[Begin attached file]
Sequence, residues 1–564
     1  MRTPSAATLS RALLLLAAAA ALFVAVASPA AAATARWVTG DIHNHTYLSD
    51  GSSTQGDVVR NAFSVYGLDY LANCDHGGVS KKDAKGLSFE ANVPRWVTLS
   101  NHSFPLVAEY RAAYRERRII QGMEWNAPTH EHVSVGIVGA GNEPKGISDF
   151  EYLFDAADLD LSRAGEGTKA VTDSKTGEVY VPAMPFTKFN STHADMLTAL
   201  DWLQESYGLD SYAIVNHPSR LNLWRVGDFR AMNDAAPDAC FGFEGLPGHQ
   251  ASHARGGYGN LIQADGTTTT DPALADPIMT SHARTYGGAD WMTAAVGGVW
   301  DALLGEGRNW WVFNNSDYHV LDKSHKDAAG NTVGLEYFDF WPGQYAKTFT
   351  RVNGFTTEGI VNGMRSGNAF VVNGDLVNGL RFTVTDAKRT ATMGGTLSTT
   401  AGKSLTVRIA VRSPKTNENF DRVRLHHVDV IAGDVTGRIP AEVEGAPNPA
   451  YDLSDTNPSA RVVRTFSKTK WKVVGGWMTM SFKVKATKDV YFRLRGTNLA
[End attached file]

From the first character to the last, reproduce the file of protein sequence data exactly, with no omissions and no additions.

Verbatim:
Sequence, residues 1–564
     1  MRTPSAATLS RALLLLAAAA ALFVAVASPA AAATARWVTG DIHNHTYLSD
    51  GSSTQGDVVR NAFSVYGLDY LANCDHGGVS KKDAKGLSFE ANVPRWVTLS
   101  NHSFPLVAEY RAAYRERRII QGMEWNAPTH EHVSVGIVGA GNEPKGISDF
   151  EYLFDAADLD LSRAGEGTKA VTDSKTGEVY VPAMPFTKFN STHADMLTAL
   201  DWLQESYGLD SYAIVNHPSR LNLWRVGDFR AMNDAAPDAC FGFEGLPGHQ
   251  ASHARGGYGN LIQADGTTTT DPALADPIMT SHARTYGGAD WMTAAVGGVW
   301  DALLGEGRNW WVFNNSDYHV LDKSHKDAAG NTVGLEYFDF WPGQYAKTFT
   351  RVNGFTTEGI VNGMRSGNAF VVNGDLVNGL RFTVTDAKRT ATMGGTLSTT
   401  AGKSLTVRIA VRSPKTNENF DRVRLHHVDV IAGDVTGRIP AEVEGAPNPA
   451  YDLSDTNPSA RVVRTFSKTK WKVVGGWMTM SFKVKATKDV YFRLRGTNLA